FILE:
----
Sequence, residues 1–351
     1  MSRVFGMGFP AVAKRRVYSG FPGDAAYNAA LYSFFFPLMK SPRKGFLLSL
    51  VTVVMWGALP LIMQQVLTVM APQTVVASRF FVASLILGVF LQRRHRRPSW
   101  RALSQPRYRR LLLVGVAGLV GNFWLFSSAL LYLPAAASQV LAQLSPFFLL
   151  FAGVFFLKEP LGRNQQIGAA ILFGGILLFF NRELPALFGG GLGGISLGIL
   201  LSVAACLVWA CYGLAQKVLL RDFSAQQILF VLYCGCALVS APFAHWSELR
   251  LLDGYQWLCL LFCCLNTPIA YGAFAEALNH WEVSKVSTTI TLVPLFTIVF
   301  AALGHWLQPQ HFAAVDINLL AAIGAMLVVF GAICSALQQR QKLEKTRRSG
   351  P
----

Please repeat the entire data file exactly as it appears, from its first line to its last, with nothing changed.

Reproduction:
Sequence, residues 1–351
     1  MSRVFGMGFP AVAKRRVYSG FPGDAAYNAA LYSFFFPLMK SPRKGFLLSL
    51  VTVVMWGALP LIMQQVLTVM APQTVVASRF FVASLILGVF LQRRHRRPSW
   101  RALSQPRYRR LLLVGVAGLV GNFWLFSSAL LYLPAAASQV LAQLSPFFLL
   151  FAGVFFLKEP LGRNQQIGAA ILFGGILLFF NRELPALFGG GLGGISLGIL
   201  LSVAACLVWA CYGLAQKVLL RDFSAQQILF VLYCGCALVS APFAHWSELR
   251  LLDGYQWLCL LFCCLNTPIA YGAFAEALNH WEVSKVSTTI TLVPLFTIVF
   301  AALGHWLQPQ HFAAVDINLL AAIGAMLVVF GAICSALQQR QKLEKTRRSG
   351  P